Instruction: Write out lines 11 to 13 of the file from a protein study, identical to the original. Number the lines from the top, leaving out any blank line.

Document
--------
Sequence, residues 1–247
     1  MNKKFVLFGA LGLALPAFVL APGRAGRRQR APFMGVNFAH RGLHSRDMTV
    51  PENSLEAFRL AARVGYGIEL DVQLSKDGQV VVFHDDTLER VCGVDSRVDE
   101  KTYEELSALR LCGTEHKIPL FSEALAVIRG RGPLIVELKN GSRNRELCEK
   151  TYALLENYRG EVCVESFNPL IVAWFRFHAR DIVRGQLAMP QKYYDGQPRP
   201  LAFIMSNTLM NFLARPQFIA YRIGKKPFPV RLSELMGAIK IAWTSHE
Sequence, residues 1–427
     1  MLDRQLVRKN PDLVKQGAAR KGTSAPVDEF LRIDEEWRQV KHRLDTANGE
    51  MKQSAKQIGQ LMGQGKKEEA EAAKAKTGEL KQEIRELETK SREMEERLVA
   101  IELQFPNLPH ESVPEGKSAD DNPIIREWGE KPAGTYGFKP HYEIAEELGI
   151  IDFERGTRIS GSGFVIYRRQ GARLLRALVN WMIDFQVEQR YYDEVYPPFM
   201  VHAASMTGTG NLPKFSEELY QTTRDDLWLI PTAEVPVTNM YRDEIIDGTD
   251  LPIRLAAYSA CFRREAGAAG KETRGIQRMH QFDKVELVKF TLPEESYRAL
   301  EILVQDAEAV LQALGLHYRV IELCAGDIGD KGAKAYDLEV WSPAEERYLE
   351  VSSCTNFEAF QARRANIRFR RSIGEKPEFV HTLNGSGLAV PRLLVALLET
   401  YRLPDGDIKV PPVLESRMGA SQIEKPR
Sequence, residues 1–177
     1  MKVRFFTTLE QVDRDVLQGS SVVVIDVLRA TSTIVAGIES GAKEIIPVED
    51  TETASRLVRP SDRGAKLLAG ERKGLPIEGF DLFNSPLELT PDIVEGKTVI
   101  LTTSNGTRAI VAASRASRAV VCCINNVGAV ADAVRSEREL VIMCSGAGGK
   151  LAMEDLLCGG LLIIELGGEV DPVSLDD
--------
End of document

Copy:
   151  IDFERGTRIS GSGFVIYRRQ GARLLRALVN WMIDFQVEQR YYDEVYPPFM
   201  VHAASMTGTG NLPKFSEELY QTTRDDLWLI PTAEVPVTNM YRDEIIDGTD
   251  LPIRLAAYSA CFRREAGAAG KETRGIQRMH QFDKVELVKF TLPEESYRAL